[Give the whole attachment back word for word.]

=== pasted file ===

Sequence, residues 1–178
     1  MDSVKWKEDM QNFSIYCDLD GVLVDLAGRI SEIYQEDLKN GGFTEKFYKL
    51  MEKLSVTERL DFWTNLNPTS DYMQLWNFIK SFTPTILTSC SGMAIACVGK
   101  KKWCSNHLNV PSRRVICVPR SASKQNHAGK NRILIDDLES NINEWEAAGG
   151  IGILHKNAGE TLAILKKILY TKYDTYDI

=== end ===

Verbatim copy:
Sequence, residues 1–178
     1  MDSVKWKEDM QNFSIYCDLD GVLVDLAGRI SEIYQEDLKN GGFTEKFYKL
    51  MEKLSVTERL DFWTNLNPTS DYMQLWNFIK SFTPTILTSC SGMAIACVGK
   101  KKWCSNHLNV PSRRVICVPR SASKQNHAGK NRILIDDLES NINEWEAAGG
   151  IGILHKNAGE TLAILKKILY TKYDTYDI